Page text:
Curiosity reduces bad failure – If we remain curious and take a scientist mindset in our work (by always testing and looking for evidence to disprove our hypothesis), we are less likely to justify continuing with new work (or worse, not evolving existing work). This means that the right work gets focus and we are always adapting what we do.
Curiosity encourages better team dynamics – Teams who communicate with curiosity are less likely to fall into the class traps of ego, myopic KPI focus, hierarchical bias (those with fancier titles are ‘right’), and in general team communications. This reduces friction at work, makes it a better place to work, and reduces wasted time re-communicating misunderstandings.
Bias and Its Influences
“Be the leader you wish you had” – this is a common myth. Not everyone thrives under the same leadership style. There is a great old proverb “The same water that hardens the egg softens the potato”, and so too is that true in leadership. Great leaders lead each individual team member the way they want to be led. A lack of curiosity and a default to our conscious and unconscious biases will lead to this. Always test yourself and reflect, ‘am I being the leader I think is best, or am I being the one my team thinks is bringing the best out of them’?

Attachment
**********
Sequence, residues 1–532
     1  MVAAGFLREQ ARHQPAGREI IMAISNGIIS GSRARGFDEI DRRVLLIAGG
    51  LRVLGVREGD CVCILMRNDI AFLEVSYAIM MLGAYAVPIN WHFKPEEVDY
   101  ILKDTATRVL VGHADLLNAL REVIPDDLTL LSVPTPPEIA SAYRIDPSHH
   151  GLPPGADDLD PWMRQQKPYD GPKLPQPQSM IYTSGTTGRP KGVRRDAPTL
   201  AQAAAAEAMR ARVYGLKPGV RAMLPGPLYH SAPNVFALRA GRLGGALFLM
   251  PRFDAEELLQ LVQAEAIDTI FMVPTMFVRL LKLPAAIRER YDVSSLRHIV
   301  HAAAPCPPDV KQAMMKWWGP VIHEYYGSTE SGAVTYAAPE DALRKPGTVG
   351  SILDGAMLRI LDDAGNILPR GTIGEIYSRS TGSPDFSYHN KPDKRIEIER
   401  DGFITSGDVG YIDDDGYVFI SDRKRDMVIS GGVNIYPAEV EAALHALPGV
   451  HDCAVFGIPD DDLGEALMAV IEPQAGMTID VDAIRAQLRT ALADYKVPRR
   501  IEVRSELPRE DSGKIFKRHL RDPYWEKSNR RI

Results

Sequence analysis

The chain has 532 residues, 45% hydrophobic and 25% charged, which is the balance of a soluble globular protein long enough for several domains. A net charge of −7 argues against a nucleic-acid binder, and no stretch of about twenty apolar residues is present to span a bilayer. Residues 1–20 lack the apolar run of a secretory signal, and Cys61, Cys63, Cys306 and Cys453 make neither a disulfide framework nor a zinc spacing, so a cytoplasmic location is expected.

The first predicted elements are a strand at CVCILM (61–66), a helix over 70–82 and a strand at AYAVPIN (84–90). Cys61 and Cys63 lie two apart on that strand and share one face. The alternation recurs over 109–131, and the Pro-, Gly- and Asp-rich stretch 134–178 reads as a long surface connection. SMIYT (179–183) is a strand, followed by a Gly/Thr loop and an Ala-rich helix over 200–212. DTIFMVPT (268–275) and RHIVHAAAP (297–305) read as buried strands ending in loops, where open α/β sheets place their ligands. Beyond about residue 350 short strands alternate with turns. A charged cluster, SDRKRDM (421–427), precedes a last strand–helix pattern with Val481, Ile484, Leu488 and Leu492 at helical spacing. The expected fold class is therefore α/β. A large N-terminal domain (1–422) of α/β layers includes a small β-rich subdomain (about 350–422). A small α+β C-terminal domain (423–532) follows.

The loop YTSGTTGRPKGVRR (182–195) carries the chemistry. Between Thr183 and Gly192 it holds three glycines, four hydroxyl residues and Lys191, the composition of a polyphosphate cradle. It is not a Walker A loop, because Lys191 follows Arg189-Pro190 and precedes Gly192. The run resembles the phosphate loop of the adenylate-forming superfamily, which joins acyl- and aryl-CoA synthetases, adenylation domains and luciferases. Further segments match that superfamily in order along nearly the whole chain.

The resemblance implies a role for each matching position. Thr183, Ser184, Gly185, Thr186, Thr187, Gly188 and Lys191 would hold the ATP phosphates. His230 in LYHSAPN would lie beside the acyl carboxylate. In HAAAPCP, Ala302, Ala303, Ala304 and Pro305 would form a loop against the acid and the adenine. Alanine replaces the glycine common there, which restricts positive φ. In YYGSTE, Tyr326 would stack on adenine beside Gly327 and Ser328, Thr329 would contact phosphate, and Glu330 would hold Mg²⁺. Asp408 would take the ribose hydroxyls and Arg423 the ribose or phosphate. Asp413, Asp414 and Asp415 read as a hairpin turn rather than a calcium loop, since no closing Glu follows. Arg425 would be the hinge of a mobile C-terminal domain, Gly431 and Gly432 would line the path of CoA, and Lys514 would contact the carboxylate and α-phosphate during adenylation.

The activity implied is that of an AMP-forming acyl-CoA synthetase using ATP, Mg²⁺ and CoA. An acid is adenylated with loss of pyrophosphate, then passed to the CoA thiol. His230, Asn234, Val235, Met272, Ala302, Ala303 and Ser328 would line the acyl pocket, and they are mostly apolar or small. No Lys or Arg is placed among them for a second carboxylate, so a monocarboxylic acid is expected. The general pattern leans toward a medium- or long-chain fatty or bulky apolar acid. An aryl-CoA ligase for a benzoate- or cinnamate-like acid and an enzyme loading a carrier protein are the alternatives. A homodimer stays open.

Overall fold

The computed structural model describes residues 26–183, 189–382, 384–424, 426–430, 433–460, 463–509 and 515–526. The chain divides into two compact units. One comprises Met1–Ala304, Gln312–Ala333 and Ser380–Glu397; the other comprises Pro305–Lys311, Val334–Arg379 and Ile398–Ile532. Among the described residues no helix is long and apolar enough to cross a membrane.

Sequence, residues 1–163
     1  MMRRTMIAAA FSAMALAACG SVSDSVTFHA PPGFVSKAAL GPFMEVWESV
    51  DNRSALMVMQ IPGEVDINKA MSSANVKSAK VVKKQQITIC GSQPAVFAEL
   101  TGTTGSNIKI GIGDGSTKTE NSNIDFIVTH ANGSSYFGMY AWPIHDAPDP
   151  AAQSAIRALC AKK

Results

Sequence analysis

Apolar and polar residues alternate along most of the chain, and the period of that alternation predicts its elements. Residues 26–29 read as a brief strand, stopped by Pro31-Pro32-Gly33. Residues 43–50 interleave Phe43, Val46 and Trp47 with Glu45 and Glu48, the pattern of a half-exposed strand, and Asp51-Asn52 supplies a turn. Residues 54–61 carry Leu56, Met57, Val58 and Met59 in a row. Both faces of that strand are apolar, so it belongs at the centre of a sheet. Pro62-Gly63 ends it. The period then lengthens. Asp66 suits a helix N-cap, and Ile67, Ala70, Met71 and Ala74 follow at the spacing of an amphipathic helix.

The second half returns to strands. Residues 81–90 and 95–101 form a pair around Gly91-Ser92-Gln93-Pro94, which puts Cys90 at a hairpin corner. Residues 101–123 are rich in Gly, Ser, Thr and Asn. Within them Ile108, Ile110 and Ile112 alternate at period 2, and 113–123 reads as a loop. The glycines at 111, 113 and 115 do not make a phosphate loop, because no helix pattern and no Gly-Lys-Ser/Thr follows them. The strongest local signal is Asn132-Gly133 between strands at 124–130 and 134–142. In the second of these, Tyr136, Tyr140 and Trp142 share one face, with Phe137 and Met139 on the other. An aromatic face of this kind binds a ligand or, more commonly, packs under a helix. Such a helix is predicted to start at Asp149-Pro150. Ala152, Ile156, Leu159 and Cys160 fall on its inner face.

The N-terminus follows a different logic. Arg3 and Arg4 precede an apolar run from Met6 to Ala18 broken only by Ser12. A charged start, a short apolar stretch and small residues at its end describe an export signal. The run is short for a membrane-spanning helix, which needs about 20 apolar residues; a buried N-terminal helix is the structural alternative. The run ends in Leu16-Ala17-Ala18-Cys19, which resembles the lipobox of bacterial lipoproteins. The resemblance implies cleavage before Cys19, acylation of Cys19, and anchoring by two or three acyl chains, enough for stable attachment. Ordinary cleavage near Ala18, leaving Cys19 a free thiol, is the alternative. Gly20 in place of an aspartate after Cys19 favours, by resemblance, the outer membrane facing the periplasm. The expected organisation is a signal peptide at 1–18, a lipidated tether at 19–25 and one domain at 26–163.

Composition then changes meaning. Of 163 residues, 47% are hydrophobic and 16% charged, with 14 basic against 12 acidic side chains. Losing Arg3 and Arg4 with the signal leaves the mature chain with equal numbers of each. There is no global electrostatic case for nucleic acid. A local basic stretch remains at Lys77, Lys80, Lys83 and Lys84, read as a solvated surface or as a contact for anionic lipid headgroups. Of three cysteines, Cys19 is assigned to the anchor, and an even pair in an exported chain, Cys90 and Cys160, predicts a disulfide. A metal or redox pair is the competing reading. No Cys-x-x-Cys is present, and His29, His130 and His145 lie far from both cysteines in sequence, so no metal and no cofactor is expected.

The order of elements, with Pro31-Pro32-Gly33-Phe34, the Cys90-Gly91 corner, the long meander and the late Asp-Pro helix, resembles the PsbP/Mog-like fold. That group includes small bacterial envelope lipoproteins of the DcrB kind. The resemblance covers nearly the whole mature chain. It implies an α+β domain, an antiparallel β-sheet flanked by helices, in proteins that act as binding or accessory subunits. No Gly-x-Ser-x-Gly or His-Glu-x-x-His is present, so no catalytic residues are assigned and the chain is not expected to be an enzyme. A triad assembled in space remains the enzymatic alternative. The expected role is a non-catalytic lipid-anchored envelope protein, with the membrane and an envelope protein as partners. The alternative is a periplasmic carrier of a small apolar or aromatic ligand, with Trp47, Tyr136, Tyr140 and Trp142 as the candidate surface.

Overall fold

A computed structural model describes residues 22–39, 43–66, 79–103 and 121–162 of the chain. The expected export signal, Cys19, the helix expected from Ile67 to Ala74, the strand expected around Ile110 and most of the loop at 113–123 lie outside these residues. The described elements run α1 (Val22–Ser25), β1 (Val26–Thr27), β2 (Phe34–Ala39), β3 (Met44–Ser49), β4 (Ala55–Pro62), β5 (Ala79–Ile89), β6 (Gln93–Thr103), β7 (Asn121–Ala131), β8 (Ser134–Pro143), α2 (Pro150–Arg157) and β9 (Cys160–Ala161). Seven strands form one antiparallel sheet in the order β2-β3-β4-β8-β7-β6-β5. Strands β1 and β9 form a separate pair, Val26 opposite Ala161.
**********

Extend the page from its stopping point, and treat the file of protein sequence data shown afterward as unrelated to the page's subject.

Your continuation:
Your Habits: Reflect and Become More Curious
Increasing curiosity in yourself and your team is all about habits. See what works for your rhythm and your personal style by reflecting on how you work and how you can introduce more curiosity into your own style. Start with the basics – ask more questions. Ask so many that you’re borderline annoying. Find your courage and ask your team how they want you to lead them and build different styles and rhythms for each team member, rather than a cookie-cutter leadership approach.
Demonstrate your own curiosity constantly. The more you do it, the more your team will feel comfortable implementing it in their own behaviors.
Ensure that you deeply understand the types of bias that exists and constantly reflect on whether they are present in you and your team’s daily habits. Below is a list to get you started, although it isn’t exhaustive.
It’s Hard, But Worth It
This isn’t an easy change. We are pre-programmed by decades of organizational learning to take direction, do work, present to boss for approval, then proceed. Asking questions is almost questioning this cycle and isn’t the ‘way we do things’. It will take time, but the benefits are clear for you, the people you lead, and the people you serve. It is quickly becoming the most important organizational trait. The biggest reason to do it, though? It makes work more interesting and easier for you. It removes the pressure from you that you need to know everything. Instead, you need to become a leader and an organization that wants to learn everything instead. As iconic leader of Microsoft’s most successful period in history, Satya Nadella, says: “The learn-it-all will always do better than the know-it-all”.